Clark University will host artist and scholar Terri Kapsalis for “Health Care for Good,” a free public lecture on expanding economic and geographic access to quality healthcare, at 7 p.m. Tuesday, Nov. 7, in the Higgins Lounge, 2nd floor of Dana Commons, 36 Maywood St.

Terri Kapsalis

Courtesy of School of the Art Institute of Chicago

Artist and scholar Terri Kapsalis will speak at Clark University on Nov. 7.

Kapsalis is an adjunct professor at the School of the Art Institute of Chicago. She is the author of “Jane Addams’ Travel Medicine Kit,” “The Hysterical Alphabet,” and “Public Privates: Performing Gynecology from Both Ends of the Speculum.” Her writing can be found on Literary Hub and in such publications as Short Fiction, Denver Quarterly, Parakeet, The Baffler, New Formations and Public. She is a founding member of Theater Oobleck and serves on its artistic board.

The lecture is part of the fall symposium on “Common Pursuits/Public Good” and is co-sponsored by the Higgins School of Humanities; the Center for Gender, Race, and Area Studies; and Women’s and Gender Studies.

QCC heralds opening of CSET lab in Southbridge

Quinsigamond Community College recently held a ribbon-cutting ceremony at its new Computer Systems Engineering Technology lab in Southbridge.

The CSET lab at QCC Southbridge will enable the college to meet the increasing demand for IT workers by bringing additional technical training options to the South County region.

The lab features 12 state-of-the-art workstations with hideaway, split desks that can bring up the computers when they are needed, or hide them away under the desks when not in use, simply at the touch of a button. The CSET lab is also equipped with servers and cabling, allowing students hands-on learning that replicates a business environment.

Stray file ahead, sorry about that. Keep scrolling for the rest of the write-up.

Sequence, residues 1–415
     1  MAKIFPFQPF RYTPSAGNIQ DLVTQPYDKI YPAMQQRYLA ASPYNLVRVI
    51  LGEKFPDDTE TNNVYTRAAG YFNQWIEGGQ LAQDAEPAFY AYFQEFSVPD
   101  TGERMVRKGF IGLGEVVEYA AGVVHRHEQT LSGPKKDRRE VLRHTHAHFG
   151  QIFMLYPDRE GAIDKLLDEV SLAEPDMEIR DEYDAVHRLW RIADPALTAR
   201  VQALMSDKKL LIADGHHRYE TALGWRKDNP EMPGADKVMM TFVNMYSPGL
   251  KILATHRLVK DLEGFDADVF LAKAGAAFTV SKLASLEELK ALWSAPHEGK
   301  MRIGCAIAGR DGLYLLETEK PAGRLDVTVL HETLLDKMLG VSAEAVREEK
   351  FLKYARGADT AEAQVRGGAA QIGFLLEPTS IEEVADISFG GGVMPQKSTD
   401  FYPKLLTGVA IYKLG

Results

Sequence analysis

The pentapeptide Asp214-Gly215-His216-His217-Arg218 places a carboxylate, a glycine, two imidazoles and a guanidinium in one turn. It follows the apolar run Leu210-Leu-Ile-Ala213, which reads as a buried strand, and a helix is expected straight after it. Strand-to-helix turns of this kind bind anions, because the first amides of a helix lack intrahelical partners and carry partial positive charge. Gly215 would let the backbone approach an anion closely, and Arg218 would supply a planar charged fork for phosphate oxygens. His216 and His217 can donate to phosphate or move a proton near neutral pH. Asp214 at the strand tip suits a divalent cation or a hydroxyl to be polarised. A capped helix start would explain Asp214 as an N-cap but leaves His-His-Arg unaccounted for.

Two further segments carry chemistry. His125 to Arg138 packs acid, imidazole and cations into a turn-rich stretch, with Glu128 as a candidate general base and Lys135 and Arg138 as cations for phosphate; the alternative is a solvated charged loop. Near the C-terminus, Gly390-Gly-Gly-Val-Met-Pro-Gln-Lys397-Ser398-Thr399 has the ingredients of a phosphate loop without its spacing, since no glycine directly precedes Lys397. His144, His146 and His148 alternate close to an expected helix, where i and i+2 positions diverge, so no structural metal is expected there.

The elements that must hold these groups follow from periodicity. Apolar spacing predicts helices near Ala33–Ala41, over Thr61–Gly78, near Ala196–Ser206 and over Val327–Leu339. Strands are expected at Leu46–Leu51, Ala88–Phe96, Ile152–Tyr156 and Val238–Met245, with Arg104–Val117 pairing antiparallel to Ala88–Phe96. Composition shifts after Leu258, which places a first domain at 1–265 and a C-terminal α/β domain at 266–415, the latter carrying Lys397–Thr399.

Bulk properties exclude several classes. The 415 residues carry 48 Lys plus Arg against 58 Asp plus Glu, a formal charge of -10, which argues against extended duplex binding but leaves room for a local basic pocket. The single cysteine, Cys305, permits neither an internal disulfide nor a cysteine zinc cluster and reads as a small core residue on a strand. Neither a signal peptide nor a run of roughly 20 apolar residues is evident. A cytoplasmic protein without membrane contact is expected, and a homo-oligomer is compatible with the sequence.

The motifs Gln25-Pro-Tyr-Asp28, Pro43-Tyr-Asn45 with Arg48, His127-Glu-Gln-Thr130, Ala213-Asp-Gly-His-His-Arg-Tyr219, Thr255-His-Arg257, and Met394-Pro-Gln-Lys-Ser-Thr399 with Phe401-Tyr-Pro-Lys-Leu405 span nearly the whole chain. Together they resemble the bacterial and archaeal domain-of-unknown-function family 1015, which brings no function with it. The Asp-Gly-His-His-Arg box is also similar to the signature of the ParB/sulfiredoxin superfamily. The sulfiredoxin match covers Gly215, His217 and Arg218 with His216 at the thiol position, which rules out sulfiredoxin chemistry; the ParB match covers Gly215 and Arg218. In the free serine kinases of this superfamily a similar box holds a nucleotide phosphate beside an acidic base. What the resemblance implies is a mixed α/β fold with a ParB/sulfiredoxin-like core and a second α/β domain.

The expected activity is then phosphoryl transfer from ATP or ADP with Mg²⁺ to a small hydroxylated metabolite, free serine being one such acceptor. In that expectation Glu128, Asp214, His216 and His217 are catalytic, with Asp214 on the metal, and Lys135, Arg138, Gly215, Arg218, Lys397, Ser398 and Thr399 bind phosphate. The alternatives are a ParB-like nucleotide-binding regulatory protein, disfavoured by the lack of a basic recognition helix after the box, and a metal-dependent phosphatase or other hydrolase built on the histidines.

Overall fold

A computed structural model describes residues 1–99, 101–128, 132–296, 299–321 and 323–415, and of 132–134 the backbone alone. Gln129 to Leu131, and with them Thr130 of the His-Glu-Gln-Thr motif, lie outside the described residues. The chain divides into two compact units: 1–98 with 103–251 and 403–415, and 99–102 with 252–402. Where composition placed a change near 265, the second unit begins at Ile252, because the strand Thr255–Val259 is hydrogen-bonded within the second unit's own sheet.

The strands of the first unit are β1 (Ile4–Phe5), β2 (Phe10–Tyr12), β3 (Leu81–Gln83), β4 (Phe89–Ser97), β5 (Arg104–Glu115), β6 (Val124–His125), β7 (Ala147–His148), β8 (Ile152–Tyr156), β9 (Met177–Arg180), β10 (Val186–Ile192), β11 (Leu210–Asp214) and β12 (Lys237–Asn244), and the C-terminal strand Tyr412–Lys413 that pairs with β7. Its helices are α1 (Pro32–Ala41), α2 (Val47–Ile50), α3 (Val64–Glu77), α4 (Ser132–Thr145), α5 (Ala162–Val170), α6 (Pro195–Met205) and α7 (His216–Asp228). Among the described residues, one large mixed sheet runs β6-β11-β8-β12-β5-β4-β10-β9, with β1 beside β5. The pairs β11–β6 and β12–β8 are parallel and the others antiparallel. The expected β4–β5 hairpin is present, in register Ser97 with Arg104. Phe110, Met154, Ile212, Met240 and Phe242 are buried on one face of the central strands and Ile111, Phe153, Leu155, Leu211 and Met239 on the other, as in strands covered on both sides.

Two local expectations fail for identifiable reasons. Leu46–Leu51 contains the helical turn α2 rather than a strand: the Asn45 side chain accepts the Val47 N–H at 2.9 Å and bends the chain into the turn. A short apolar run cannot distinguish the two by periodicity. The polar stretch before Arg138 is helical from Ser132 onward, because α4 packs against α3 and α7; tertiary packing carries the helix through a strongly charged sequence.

“We all require some level of information technology expertise. I believe we need to teach for the jobs of tomorrow. We need to open up these skillsets here in South County,” said QCC President  Dr. Luis J. Pedraja. “The opportunities that the CSET lab and the science lab enhancement will bring allows more people in this area to access classes they normally couldn’t access unless they traveled to Worcester.”

“The Computer Systems Engineering Technology and Enhanced Science Labs strengthen our partnership with Quinsigamond Community College. They give us an opportunity to allow our young people to interact with college professors and utilize the most advanced technological equipment,” said Dr. Andrae Townsel, principal of Southbridge High School.

Kathy Rentsch, dean of Business, Engineering and Technology at QCC, said workforce development opportunities will now be readily available in Southbridge for companies to have their employees learn new skillsets, in addition to unemployed or under-employed adults who might want to quickly obtain some skills to get back into the workforce.

“I believe in being present in the communities we serve. A community college is about serving the community. It’s not just bringing people to our location, it’s about going to where the needs are and where the people are. The students, the employers and the community need education,” Pedraja said.

The labs were made possible through a $488,735 Massachusetts Workforce Skills Capital Grant that was awarded in 2016.